Gastric bypass proceedures - Forum

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Noro

Gastric bypass proceedures - Ärzteforum

Post#1 »

I'm curious as to how many surgeons are performing gastric stapling, and what their feelings are about the the optimum procedure as well as the resources needed (psychiatric, dietary, etc) to get a program off the ground. I seem to be seeing more and more morbidly obese patients, but I wonder if gastric bypass surgery is appropriate in a small community hospital.


Never done it and never will. It's bad medicine in my opinion. Trying to fix a neurochemical/psychological problem with the scalpel doesn't make sense.


Avicenna

Re: Gastric bypass proceedures - Ärzteforum

Post#2 »

I brought up this topic several months ago and was surprised I didn't get more responses like the above. Having been emboldened, I will state my opinion. It is: Ditto.

At the risk of repeating myself, I have not seen one patient more than five years out who is happy. Most are still obese, although usually less so, and despite being obese complain that they can't eat. If you ask them "well what did you expect" they say "well I knew I wouldn't be able to eat as much but I didn't think it would be like this" or something to that effect.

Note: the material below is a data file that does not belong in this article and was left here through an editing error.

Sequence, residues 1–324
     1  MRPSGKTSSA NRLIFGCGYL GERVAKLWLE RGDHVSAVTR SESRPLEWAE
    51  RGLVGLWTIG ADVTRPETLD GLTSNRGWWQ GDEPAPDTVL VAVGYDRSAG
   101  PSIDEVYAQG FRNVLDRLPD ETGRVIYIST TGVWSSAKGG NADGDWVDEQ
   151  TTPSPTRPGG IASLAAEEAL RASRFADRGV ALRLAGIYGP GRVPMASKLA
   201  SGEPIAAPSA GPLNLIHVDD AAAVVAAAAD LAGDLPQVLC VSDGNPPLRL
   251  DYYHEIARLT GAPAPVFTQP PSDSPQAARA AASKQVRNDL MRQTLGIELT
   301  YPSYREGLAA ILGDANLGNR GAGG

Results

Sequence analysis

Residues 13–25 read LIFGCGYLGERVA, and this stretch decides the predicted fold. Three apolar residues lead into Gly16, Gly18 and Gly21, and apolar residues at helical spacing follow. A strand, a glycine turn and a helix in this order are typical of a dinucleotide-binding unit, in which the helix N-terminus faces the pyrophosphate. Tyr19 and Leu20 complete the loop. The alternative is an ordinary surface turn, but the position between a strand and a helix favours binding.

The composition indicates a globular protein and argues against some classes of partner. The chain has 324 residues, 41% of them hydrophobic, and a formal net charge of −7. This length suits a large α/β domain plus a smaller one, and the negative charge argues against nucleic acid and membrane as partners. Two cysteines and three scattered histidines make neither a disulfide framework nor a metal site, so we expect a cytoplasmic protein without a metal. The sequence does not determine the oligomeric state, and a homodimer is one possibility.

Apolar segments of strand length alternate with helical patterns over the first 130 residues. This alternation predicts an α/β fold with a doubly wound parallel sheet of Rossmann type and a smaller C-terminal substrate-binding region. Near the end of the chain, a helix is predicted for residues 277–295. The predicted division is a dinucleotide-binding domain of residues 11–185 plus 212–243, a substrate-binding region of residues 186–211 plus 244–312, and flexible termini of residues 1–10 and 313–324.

It was a completely different story in residency. We would see them back for two or three years, many close to ideal body weight, with resolution of their hypertension as promised by all the research that justifies bariatric surgery. I think that is why gastric bypass becomes popular in "waves," when one wave travels five years to wash up on shore (usually somebody else's beach) they become unpopular again.

I was recently surprised to find that hardly anyone in North Carolina does bariatric surgery. I had a patient ten years out from J-I bypass who was having problems referable to the bypass, and wanted to be converted to a GBP. I talked to the surgeons at Bowman-Gray, who told me they thought the only place in the state doing bariatric surgery was East Carolina. They do indeed have a program, but they (I think wisely) chose not to operate on this otherwise ideal candidate. Maybe patient selection is why their recent study looked so good.

I would be embarrased to have our society analyzed 10,000 years from now and try to explain why we did gastric bypasses. But not as embarrased as if I had to explain bags of silicone gel on the chest wall...